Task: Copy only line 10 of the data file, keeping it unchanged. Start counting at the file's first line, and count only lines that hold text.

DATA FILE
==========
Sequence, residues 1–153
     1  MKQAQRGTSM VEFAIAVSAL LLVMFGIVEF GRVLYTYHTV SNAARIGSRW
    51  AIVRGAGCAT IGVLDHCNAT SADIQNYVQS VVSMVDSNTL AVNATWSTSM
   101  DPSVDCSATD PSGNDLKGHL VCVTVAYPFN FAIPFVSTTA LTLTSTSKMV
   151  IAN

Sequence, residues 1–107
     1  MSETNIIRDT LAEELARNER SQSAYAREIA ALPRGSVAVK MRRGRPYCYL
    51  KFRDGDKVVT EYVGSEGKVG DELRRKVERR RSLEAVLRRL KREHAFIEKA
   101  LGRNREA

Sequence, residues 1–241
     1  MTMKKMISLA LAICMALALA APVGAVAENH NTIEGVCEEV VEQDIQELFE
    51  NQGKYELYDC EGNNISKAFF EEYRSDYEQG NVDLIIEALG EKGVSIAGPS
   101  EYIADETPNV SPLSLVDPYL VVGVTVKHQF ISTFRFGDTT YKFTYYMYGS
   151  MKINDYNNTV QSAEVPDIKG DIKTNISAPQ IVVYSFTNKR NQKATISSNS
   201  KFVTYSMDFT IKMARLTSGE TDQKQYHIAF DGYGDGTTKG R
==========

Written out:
Sequence, residues 1–241